Typing Classes

typing is important I’m thinking about skills and how important some skills are for the rest of our lives.

In the summer of my eighth grade year, my parents sent me to typing school. We were going to get our first Macintosh computer (*the* first Macintosh), and my folks had the foresight to say that they wanted me to learn typing before having it. My brother was told the same thing, but he kind of blew off the classes, and spent the entire summer typing the funniest possible things to me while I struggled to keep my fingers on the F and the J keys. Without my brother, I wouldn’t have made it through the tedium of typing, so even though he didn’t learn the skill, his sacrifice got me to where I am.

I type really fast. In the rare times when I’m at an office space for a while, cubicle mates almost always swing by to see if I’m pretending or something. I guess when you type fast, you type loudly. I never hear it, because when I’m typing fast, I’m concentrating.

The thing is: this has gone on to give me a huge advantage over those who can only peck out a few letters at a time and have to stare down at the keys to do so. I am far more proficient, which means that I can get my ideas across much faster. In the real-time web world, that’s obviously a win. But even in the “slow web” world, it’s still a powerful thing to be able to type.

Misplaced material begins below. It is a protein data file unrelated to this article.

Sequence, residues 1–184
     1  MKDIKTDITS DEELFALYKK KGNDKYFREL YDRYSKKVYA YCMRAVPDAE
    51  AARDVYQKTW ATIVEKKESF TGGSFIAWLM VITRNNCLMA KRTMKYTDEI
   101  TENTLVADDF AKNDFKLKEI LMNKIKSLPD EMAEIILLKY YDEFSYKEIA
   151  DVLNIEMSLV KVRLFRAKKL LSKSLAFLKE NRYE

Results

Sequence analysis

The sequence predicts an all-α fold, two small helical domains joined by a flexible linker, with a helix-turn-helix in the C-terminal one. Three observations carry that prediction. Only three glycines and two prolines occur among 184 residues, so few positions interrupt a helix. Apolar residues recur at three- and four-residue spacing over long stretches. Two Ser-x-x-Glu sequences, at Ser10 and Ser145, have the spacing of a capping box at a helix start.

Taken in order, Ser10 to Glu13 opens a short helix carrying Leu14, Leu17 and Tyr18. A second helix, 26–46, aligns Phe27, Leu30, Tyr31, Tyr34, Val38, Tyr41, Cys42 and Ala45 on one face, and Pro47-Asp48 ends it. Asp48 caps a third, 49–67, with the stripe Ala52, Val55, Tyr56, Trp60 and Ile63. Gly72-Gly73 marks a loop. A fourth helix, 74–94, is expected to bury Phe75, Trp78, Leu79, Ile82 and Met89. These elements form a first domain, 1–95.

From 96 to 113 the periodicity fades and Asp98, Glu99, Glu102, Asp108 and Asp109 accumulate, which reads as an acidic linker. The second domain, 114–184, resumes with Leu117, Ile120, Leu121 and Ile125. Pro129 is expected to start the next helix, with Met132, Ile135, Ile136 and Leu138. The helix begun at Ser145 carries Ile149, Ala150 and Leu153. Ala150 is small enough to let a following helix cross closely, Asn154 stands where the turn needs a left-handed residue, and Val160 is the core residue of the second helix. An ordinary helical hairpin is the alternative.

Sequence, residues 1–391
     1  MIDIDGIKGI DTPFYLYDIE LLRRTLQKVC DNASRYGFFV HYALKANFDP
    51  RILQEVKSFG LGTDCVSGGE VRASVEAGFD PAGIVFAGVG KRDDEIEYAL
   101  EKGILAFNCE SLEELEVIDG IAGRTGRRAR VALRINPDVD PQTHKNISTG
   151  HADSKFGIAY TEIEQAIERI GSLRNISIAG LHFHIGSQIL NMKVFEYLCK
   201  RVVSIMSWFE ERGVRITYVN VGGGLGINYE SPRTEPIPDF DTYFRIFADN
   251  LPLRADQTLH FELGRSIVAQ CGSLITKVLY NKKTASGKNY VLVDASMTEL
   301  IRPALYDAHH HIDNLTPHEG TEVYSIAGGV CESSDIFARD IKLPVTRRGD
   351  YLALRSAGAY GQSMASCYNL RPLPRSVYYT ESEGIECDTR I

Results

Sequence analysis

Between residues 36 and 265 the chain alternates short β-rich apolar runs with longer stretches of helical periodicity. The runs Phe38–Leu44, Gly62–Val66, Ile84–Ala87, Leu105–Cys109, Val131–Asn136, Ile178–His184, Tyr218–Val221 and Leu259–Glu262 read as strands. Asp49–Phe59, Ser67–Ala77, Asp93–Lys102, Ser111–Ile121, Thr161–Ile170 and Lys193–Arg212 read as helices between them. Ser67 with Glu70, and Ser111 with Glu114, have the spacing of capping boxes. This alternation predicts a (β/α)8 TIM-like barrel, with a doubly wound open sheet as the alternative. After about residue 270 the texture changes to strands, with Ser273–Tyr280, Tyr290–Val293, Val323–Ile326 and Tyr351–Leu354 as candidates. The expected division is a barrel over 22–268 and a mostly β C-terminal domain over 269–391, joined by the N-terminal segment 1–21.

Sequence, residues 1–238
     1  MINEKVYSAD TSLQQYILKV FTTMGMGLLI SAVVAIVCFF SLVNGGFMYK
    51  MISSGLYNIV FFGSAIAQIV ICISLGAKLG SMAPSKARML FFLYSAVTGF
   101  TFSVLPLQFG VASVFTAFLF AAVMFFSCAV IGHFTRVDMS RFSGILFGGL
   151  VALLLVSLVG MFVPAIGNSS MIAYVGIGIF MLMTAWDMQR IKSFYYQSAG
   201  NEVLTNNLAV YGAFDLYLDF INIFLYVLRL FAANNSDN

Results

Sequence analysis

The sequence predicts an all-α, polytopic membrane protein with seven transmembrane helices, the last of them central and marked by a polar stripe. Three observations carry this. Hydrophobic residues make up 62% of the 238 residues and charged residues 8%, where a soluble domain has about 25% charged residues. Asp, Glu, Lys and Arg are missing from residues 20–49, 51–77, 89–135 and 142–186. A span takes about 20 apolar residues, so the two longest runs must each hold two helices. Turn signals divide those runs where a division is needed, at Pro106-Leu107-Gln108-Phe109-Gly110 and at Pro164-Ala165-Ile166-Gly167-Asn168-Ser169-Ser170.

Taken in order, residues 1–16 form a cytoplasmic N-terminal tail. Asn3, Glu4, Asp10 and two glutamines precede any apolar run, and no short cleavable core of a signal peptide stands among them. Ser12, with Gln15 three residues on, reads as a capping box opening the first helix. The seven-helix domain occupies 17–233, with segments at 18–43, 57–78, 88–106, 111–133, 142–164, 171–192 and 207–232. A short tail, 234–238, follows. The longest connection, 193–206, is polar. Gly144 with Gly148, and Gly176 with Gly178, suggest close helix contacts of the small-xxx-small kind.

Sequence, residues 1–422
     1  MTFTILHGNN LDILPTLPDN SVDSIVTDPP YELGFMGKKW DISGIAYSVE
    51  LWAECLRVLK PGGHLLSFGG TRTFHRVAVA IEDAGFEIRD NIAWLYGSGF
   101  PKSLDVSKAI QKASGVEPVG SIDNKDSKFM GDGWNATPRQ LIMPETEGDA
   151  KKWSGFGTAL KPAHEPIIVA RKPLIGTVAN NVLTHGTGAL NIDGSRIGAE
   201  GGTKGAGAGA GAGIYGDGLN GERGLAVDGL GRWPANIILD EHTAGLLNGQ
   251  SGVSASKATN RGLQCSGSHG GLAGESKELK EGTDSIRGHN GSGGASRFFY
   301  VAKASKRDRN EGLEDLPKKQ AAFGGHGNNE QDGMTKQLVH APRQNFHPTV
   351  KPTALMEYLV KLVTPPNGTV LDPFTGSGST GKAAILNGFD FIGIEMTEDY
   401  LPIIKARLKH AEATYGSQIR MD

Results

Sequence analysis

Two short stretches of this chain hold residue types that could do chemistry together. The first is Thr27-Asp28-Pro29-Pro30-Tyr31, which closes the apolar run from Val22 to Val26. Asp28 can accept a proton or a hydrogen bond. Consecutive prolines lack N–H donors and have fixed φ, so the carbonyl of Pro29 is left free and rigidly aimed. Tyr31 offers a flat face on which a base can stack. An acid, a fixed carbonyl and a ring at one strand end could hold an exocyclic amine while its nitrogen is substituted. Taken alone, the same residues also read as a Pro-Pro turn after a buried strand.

What other skills could I learn that would help me for the rest of my life? Journalists learn how to tell balanced and detailed stories. They learn how to edit down their ideas to tight, concise pieces. Lawyers learn how to weigh potential risks and outcomes. Athletes learn perseverance.

What other skills do you wish that YOU had when considering the rest of your life?

(Oh, and thanks Mom and Dad for insisting that I take typing, and thanks, Thom, for screwing off and making me laugh instead.)

Photo credit wiertz

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  • http://twitter.com/CynthiaOccelli Cynthia Occelli

    Wow, good to know on the spacing thing. Thank you!

    (See how I didn't do it just there?)

  • http://wellontop.com/ Sean Weigold Ferguson

    By far, the two most important skills that have drastically increased my efficiency have been using keyboard shortcuts, and becoming proficient at web search.

    I'm always somewhat amazed when I see people right click, or even worse, select “edit” from the top left of their screen to copy, cut, or paste. I can't help but visualize myself in front of the computer, whizzing away at whatever task they're attempting, now several steps ahead. I often have to restrain myself from saying anything or feeling a bit of frustration. However, nothing else really holds a candle to ctrl+z.